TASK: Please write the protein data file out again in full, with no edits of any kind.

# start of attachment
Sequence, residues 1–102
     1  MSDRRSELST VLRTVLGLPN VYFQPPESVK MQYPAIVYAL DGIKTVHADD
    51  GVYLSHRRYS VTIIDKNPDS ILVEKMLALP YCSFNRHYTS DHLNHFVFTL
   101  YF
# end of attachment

Sequence, residues 1–102
     1  MSDRRSELST VLRTVLGLPN VYFQPPESVK MQYPAIVYAL DGIKTVHADD
    51  GVYLSHRRYS VTIIDKNPDS ILVEKMLALP YCSFNRHYTS DHLNHFVFTL
   101  YF